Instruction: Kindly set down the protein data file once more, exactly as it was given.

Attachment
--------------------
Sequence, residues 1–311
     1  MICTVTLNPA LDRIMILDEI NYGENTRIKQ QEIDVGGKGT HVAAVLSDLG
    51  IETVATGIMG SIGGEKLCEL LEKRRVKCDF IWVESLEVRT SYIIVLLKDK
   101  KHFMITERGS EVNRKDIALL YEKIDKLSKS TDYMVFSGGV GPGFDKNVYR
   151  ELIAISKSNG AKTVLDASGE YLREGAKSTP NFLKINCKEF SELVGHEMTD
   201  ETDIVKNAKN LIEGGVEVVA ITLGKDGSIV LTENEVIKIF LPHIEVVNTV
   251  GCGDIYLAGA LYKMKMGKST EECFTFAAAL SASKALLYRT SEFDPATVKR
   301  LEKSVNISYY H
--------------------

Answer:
Sequence, residues 1–311
     1  MICTVTLNPA LDRIMILDEI NYGENTRIKQ QEIDVGGKGT HVAAVLSDLG
    51  IETVATGIMG SIGGEKLCEL LEKRRVKCDF IWVESLEVRT SYIIVLLKDK
   101  KHFMITERGS EVNRKDIALL YEKIDKLSKS TDYMVFSGGV GPGFDKNVYR
   151  ELIAISKSNG AKTVLDASGE YLREGAKSTP NFLKINCKEF SELVGHEMTD
   201  ETDIVKNAKN LIEGGVEVVA ITLGKDGSIV LTENEVIKIF LPHIEVVNTV
   251  GCGDIYLAGA LYKMKMGKST EECFTFAAAL SASKALLYRT SEFDPATVKR
   301  LEKSVNISYY H